The goal of crimedata is to access police-recorded crime data from large US cities using the Open Crime Database (CODE), a service that provides these data in a convenient format for analysis. All the data are available to use for free as long as you acknowledge the source of the data.

The function get_crime_data() returns a tidy data tibble of crime data with each row representing a single crime. The data provided for each offense includes the offense type, approximate offense location and date/time. More fields are available for some records, depending on what data have been released by each city. For most cities, data are available from 2010 onwards, with some available back to 2007. Use list_crime_data() to see which years are available for which cities.

More detail about what data are available, how they were constructed and the meanings of the different categories can be found on the CODE project website. Further detail is available in a pre-print data paper.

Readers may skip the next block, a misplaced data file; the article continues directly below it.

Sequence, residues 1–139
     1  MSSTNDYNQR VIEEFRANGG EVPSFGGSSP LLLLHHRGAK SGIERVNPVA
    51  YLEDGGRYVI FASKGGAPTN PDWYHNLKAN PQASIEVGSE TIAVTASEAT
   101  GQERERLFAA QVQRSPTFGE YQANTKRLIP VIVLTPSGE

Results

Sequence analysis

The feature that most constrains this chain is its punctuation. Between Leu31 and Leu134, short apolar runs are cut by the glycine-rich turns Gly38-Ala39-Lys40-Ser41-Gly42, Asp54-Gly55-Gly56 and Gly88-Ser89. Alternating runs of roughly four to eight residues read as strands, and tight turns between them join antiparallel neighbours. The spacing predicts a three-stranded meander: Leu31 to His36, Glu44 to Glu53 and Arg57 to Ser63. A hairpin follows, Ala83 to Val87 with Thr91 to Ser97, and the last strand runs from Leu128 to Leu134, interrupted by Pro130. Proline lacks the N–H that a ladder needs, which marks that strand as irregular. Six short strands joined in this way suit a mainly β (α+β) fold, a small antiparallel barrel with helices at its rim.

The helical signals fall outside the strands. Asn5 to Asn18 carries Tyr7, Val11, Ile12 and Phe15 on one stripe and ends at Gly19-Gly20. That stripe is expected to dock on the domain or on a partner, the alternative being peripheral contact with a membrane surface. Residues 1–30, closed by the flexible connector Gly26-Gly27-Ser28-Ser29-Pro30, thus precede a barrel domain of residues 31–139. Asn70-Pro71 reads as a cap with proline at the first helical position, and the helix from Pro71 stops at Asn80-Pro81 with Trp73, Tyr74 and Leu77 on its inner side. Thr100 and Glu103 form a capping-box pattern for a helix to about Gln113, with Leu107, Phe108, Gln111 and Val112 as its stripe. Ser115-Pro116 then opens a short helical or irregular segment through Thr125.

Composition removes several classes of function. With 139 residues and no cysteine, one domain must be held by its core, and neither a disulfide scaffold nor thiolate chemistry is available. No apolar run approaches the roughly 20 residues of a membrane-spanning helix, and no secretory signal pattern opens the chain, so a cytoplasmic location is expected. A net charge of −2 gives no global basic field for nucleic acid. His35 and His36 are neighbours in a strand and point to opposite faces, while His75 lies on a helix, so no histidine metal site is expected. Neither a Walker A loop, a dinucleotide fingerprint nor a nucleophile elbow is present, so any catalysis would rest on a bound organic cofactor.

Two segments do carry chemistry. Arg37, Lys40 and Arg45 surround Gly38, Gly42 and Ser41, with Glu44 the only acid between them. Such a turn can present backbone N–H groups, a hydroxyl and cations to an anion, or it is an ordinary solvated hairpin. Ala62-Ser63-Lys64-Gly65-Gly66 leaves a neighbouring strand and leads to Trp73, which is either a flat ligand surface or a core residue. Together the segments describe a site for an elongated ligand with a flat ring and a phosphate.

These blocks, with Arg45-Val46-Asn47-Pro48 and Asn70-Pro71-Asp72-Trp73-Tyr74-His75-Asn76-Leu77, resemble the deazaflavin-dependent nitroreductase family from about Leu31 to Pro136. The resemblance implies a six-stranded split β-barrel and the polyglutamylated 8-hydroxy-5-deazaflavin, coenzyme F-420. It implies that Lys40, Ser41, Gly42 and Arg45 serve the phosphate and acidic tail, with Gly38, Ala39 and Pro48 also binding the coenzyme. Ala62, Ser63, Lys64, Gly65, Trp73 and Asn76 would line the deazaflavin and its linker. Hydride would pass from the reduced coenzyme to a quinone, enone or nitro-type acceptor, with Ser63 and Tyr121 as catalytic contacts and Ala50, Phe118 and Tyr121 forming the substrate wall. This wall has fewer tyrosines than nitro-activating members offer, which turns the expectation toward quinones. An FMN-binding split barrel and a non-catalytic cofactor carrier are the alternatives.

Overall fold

You can install crimedata from github with:

# install.packages("devtools")


Data can be downloaded by year and by city. By default (i.e. if no arguments are specified) a 1% sample of data for all cities for the most recent available year is returned.


crime_data <- get_crime_data()

The data are in a tidy format, so can be quickly manipulated using dplyr verbs. For example, to analyse two years of personal robberies in Chicago and Detroit, you can run:

chicago_robberies <- get_crime_data(
  years = 2009:2010, 
  cities = c("Chicago", "Detroit"), 
  type = "core"
) %>% 
  filter(offense_type == "personal robbery")

Included data

The package includes two datasets. homicides15 contains records of 1,922 recorded homicides in nine US cities in 2015. nycvehiclethefts contains records of 35,746 thefts of motor vehicles in New York City from 2014 to 2017. These may be particularly useful for teaching purposes.